The Pitch: 1978, suburban Colorado — a small town is plagued by gas crises, bell-bottom jeans, and a mysterious kidnapper (colloquially known as The Grabber, played by Ethan Hawke) who’s been making kids disappear, leaving only a couple of black party balloons in his wake.
That’s the least of young Finney Shaw’s (Mason Thames) problems, though; he’s bullied relentlessly at school and brutalized at home by his alcoholic father (Jeremy Davies). His only comfort, apart from horror movies, is his brainy sister Gwen (Madeleine McGraw), whom it’s implied picked up some clairvoyant abilities from their long-dead mother.
Believe it or not, Finney’s summer gets even worse from there: The Grabber manages to kidnap him too, taking him to a featureless concrete basement with nothing in it besides a stained mattress and a disconnected black telephone. But Finney’s got more of a fighting chance than he might expect, especially once that phone starts ringing and he hears the voices of the Grabber’s previous victims. They want to help, but each only has a piece of the puzzle. It’ll be up to Finney to put them all together — alongside Gwen, who tries to use her gifts to help the cops find her brother.
Hope Rings Eternal: So much of The Black Phone feels indebted to Stephen King, and rightly so. More than the Stranger Things-inflected ’70s/’80s nostalgia backdrop, it’s actually based on a short story by King’s son, Joe Hill. And as writer/director Scott Derrickson’s (alongside co-writer C. Robert Cargill) return to horror after taking a little break to play in the mystical realms of the MCU (Doctor Strange), it feels a fitting followup to more effective chillers like Sinister and The Exorcism of Emily Rose. It just feels like the pair have lost a step or two after their detour into the mystic arts.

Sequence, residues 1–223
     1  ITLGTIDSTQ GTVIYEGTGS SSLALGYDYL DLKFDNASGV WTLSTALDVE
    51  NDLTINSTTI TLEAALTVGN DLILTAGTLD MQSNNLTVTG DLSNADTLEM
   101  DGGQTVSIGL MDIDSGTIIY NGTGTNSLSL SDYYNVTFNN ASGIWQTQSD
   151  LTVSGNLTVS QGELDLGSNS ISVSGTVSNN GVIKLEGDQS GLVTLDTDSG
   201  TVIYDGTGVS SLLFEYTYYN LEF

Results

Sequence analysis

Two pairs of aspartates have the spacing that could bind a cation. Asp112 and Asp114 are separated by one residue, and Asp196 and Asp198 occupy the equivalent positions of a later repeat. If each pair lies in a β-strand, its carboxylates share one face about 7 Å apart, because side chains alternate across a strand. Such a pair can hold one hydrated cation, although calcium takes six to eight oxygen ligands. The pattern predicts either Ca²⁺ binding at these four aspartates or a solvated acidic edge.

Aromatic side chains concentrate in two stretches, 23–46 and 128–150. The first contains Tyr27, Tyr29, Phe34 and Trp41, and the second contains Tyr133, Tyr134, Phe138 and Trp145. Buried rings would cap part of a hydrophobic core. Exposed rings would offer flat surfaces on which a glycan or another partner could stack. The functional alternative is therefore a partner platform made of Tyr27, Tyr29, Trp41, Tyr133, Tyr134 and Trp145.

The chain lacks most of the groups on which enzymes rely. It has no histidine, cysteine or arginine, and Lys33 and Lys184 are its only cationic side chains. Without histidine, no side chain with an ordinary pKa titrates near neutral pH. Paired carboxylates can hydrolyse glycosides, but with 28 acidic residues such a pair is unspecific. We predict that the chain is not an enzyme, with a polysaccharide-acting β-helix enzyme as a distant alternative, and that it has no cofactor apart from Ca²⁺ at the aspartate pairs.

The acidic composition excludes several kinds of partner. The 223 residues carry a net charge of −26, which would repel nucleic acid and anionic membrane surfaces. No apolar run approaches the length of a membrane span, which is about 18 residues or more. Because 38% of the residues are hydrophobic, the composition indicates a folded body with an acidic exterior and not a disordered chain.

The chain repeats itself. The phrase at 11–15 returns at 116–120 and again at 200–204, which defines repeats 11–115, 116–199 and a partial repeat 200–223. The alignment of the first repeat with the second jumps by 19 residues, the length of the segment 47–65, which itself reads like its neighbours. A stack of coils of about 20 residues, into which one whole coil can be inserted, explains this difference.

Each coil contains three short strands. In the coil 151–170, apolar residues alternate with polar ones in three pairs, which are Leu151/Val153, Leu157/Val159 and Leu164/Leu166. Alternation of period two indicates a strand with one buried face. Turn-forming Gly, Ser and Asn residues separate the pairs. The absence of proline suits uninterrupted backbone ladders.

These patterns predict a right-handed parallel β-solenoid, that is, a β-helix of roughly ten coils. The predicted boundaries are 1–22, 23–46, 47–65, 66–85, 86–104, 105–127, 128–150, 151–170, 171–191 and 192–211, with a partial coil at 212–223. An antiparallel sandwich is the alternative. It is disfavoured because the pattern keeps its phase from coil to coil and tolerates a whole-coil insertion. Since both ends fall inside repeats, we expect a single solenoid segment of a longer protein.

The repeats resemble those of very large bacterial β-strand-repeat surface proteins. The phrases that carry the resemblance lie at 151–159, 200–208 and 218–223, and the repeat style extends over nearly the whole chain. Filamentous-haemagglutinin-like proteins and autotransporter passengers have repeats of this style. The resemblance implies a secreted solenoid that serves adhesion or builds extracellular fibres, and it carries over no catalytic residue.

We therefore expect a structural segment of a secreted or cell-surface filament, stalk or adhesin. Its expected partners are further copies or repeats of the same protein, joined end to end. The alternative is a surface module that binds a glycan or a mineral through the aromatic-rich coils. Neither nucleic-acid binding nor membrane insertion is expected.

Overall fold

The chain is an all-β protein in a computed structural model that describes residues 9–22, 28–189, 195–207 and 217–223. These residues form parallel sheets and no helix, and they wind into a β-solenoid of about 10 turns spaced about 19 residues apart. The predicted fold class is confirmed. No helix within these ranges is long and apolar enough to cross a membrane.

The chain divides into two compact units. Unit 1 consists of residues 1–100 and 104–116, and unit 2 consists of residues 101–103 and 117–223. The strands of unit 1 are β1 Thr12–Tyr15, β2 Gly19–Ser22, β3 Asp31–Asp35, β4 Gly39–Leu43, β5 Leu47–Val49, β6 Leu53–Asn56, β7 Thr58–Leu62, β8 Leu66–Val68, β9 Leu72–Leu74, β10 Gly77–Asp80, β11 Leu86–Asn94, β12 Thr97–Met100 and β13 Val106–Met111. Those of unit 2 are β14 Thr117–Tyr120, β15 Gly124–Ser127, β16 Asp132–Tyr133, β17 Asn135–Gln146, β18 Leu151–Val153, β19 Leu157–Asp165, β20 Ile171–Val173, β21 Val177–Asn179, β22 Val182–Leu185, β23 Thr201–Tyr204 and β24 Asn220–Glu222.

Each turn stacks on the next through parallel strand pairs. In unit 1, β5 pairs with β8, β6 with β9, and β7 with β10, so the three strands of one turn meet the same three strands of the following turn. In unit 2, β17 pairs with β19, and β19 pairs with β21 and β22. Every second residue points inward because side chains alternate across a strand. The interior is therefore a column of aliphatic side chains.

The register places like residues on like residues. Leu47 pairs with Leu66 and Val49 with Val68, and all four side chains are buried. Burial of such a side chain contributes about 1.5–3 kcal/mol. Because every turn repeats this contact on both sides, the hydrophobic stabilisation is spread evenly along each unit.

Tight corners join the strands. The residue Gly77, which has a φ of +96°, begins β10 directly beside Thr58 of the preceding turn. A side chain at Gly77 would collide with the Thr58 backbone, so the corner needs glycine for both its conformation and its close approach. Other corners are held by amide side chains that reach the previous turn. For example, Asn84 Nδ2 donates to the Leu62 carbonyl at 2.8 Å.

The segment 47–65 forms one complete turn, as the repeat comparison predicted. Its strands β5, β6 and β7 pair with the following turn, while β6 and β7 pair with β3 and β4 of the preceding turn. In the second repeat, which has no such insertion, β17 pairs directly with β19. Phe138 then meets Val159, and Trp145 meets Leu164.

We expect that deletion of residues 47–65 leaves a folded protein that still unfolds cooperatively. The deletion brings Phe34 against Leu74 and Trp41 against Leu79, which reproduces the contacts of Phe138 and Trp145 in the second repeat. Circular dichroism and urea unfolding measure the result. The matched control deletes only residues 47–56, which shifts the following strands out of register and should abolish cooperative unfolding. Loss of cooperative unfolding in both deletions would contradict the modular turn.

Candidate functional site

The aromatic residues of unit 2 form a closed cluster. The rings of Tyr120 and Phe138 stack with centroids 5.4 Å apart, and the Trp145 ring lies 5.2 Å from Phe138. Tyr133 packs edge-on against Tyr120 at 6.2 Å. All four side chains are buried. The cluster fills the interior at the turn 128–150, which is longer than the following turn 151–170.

To be fair, the components are all there: the cast is largely excellent, especially Thames and McGraw as our erstwhile leads. As Finney, Thames has to carry so much of the film on his slight shoulders, his eyes studying every nook and cranny of his environs for a potential escape route. He’s got sufficient resolve for a horror movie protagonist, but Derrickson takes time to let him have realistic moments of desperation (including a break-down-and-cry moment when his latest potential avenue of escape proves fruitless).
His convos with the dead are well-rendered, Derrickson framing the pale corpses of the Grabber’s previous victims as though they’re talking straight at Finn, even though he only hears their muffled voices. The ghosts themselves can only help so much, as their fading souls remember less and less the longer they’ve been dead. But as they dispense advice, or even just cheer him on, those scenes play out in pleasingly bittersweet ways, especially with the kids’ strong performances.